Drone and satellite project tackling wildfires wins 1m euro defence funding

Tanaiste Micheal Martin announced the first Organisation Innovation Challenge winners at Casement Aerodrome near Dublin (Niall Carson/PA) (PA Wire)
Tanaiste Micheal Martin announced the first Organisation Innovation Challenge winners at Casement Aerodrome near Dublin (Niall Carson/PA) (PA Wire)

Tanaiste and Minister for Defence Micheal Martin has awarded a million euro to drone and satellite technology it is hoped will be used to help tackle wildfires.

A team at Maynooth University were announced as winners of the first Organisation Innovation Challenge, a joint initiative between Science Foundation Ireland (SFI) and the Department of Defence.

Over a period of 18 months, 10 teams competed for funding to develop “disruptive” solutions that could be used across the Defence Forces against key challenges.

The winning pitch uses machine learning and observations from satellites and drones to help aerial crews fight wildfires by sharing footage in real time.

Announcing the winners at Casement Aerodrome in Dublin, Mr Martin said: “To witness the innovation and creative problem-solving by so many of the teams involved in this challenge is really encouraging.

“The Defence Organisation RTI Unit is increasing the use of research, innovation and technology in support of our Defence Forces capabilities, and as a recent creation, its progress is really impressive.

“Being able to engage directly with research allows everyone to understand the problems they are trying to solve. I congratulate the winning team, and I’m equally encouraged to see how other teams will contribute to missions, and capabilities aligned with national defence policy.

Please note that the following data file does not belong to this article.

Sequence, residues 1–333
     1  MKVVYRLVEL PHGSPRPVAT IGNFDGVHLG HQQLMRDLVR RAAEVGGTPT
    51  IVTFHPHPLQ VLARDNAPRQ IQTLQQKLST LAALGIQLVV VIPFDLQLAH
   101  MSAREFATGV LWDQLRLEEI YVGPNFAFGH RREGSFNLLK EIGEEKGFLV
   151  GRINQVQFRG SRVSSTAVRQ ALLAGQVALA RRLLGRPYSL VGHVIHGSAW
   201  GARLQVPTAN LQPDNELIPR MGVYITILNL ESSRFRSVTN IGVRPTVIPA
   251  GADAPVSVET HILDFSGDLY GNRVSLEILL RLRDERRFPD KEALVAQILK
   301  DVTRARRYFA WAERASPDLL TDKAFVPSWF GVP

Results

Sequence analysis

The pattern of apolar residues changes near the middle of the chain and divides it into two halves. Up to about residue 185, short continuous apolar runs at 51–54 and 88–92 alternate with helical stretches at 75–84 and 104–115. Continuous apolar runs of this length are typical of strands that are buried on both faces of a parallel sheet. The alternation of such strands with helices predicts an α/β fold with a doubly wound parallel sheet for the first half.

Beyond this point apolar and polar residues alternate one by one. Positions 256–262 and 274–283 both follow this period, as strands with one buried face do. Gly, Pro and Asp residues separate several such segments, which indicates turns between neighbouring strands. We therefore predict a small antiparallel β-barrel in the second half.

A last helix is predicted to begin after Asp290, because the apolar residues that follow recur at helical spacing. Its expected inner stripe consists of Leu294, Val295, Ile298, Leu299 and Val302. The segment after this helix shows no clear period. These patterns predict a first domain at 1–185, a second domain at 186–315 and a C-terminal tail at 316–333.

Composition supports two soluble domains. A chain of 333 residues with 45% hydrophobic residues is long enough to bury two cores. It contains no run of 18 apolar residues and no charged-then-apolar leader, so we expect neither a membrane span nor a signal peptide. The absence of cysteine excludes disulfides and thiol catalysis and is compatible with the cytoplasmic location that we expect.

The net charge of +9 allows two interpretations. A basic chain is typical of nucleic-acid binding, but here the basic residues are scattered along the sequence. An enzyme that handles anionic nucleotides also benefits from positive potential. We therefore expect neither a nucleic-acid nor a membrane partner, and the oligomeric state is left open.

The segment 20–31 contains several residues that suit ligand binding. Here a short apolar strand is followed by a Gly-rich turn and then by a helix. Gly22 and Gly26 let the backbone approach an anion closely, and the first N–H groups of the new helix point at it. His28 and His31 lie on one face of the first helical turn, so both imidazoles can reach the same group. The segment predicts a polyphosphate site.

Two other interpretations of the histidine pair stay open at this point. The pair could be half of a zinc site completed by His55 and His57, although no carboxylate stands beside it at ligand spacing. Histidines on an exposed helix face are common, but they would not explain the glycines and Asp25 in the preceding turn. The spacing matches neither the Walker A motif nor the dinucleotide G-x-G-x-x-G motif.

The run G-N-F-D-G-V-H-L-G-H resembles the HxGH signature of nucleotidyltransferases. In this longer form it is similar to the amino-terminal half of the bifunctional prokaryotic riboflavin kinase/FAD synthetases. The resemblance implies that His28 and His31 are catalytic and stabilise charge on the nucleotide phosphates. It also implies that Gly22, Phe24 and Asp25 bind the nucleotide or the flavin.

“I thank those members of the Defence Organisation who worked on these projects and really look forward to seeing how this work develops into the future.”

Minister for Further and Higher Education, Research, Innovation and Science Simon Harris said the researchers had “broken the mould of innovation in Ireland”.

“The winning team has shown the power of new technologies to help in the work of the Defence Forces, with applications that may reach far beyond the original challenge,” he said.

“This was a pioneering scheme and I look forward to seeing more and more benefits coming from the National Challenge Fund and the Sustainable Development Goal challenges, showing that Ireland is ready to tackle the hardest problems and provide solutions.”

Team leader Professor Tim McCarthy said the funding would help prepare for the future when wildfires were expected to become more frequent and intense events.

“The reality is that wildfire events are now likely to affect us all either directly or indirectly because of climate change,” he said.

The interdisciplinary team included co-principal investigator Professor John McDonald, research strand leader Dr Charles Markham and additional researchers drawn from the Department of Computer Science, the National Centre for Geocomputation in Maynooth University Social Sciences Institute.

The team also worked closely with Commandant Jay O’Reilly’s aerial firefighting team, as well as members of the Fire Service, National Parks and Wildlife Service and Coillte.

Prof McCarthy said: “Over 18 months, we designed, built and tested an intuitive Common Operational Picture platform to improve how digital data from satellites, aircraft and drones sensors can be captured, pooled and shared in real time between various responder agencies.”